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Review: Love is Love

loveislovefiOn June 12, 2016, a hateful man killed 49 people and wounded 53 at The Pulse, a gay club in Orlando, Florida. This was a terrible day for the LGBTQ community, and I was just plain sad. A couple weeks ago, I had celebrated getting a job and moving to a new city with a few friends at a couple gay clubs in my old home of Richmond, Virginia so a thought went through my head, “It could have been me.” Even though I am relatively privileged as a white cisgendered, relatively straight passing bisexual male, I had no queer friends in my new home to turn to and confide in after the events in Orlando. But what got me through was the queer comics and comics journalism community, and my Facebook inboxes and Twitter DM’s were filled with messages of hope and understanding. I may have felt alone in my current situation, but these beautiful people, many of whom I have never met in the flesh, got me through the tough days after the Pulse shooting.

The Love is Love comics anthology project from IDW Publishing with assistance from DC Comics, Archie Comics, Aftershock, and the Will Eisner estate gave me a similar feeling of the comics community coming together to mourn after The Pulse shooting. While reading the graphic novel, I simultaneously felt sadness and hope and remembered that despite the scandals that the comics industry has some great folks, whose excellent work appears in this comic. I enjoyed how well-represented all genders, races, sexualities, and religions were in Love is Love along with the different art styles and color palette. On a pure aesthetic level, most of the stories in Love is Love hit two of my favorite genre sweet spots: superhero and autobio, which made it a great read on both an emotional and intellectual level.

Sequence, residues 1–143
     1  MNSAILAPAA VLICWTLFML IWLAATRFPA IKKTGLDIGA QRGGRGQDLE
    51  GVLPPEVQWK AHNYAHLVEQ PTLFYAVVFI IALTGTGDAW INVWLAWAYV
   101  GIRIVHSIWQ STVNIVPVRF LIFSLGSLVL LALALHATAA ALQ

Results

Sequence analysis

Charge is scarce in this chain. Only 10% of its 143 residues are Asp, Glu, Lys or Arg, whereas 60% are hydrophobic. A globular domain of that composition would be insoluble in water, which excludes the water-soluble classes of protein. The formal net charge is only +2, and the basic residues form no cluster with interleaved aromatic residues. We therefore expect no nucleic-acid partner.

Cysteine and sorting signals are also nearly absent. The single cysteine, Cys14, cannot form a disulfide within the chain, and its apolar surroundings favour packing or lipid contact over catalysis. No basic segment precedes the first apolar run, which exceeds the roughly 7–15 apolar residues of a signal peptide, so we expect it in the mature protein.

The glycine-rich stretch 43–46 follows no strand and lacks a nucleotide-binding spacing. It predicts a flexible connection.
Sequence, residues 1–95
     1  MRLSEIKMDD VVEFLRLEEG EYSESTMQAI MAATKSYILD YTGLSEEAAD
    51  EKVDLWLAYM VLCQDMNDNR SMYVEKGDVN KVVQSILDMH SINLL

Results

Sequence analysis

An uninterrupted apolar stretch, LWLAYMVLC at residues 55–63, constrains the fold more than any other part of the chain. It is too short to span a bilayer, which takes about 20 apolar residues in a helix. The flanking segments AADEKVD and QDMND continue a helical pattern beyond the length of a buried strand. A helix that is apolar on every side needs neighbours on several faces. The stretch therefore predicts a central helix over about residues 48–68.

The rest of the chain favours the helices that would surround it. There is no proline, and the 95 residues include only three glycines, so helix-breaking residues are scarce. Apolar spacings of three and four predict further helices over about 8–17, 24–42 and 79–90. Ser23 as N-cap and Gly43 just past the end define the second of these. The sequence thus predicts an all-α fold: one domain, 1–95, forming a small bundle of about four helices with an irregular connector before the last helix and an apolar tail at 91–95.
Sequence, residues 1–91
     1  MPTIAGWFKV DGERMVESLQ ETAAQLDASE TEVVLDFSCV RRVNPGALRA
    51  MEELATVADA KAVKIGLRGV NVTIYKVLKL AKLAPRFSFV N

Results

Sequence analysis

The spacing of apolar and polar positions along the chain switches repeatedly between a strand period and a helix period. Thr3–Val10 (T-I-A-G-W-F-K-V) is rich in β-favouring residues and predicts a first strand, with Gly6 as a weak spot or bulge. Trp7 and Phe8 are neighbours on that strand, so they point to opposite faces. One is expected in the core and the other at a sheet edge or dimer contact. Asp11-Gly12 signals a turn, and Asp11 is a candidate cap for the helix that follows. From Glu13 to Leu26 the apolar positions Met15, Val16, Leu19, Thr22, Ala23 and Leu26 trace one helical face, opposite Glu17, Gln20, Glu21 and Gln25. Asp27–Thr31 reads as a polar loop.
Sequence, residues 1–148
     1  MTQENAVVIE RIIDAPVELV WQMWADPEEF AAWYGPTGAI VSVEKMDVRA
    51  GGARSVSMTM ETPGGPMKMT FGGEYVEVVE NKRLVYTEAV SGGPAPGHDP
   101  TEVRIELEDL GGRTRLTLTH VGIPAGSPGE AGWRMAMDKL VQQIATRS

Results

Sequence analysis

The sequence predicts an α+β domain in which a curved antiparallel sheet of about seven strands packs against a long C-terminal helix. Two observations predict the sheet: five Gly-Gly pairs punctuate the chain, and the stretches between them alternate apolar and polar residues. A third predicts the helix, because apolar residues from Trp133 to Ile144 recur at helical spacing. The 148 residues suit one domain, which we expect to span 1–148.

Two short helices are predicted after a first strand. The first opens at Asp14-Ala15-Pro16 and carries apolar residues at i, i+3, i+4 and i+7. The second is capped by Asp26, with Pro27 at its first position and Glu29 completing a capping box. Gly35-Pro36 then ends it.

Honestly, I could write a book about the brilliant one to three page stories, poems, and pinups in Love is Love, and maybe I will one day. For the purpose of this review, I will hit on a few that affected me personally; those stories that through words, art, colors, and letters gave me comfort as I thought back to Orlando.

batwomanPaul Dini‘s Harley and Ivy story is insanely adorable and nails their romantic relationship in a nutshell with each one making compromises for the each other. For example, Harley goes vegetarian while Ivy is subjected to a Three Stooges marathon. Bill Morrison‘s art is very similar to the style of Batman: Animated Series and peppered with all kinds of background details to add to the humor. Another funny story (Albeit darker than Harley and Ivy shenanigans.) that provided some great comic relief in the midst of the emotionally headier material of Love is Love was a Deathstroke one by Taran Killam where he switches out his arsenal of guns for karate after the Pulse shooting. Gallows humor is a great way to stave off pain.

As someone whose sexuality is still not accepted by those close to me and was afraid to come out until I was 19, Love is Love‘s portrayal of homophobia is harrowing, yet all too relatable. Early, in the book, Daniel Beals and David Lafuente do a splitscreen story where two young boys see the same news coverage of The Pulse, but react in vastly different ways because of their parent’s homophobia and empathy respectively. Then, there is a nuanced story from Jeff King and Steve Pugh where a girl is sad about the shooting and wants to go to the memorial service, but her dad is uneasy about men kissing men. Later, he realizes how thoughtless he was and apologizes. I know Pugh from his superhero work on Fantastic Four and Detective Comics, and this appeal for forgiveness was just as fictional as Batman or Reed Richards in my own life.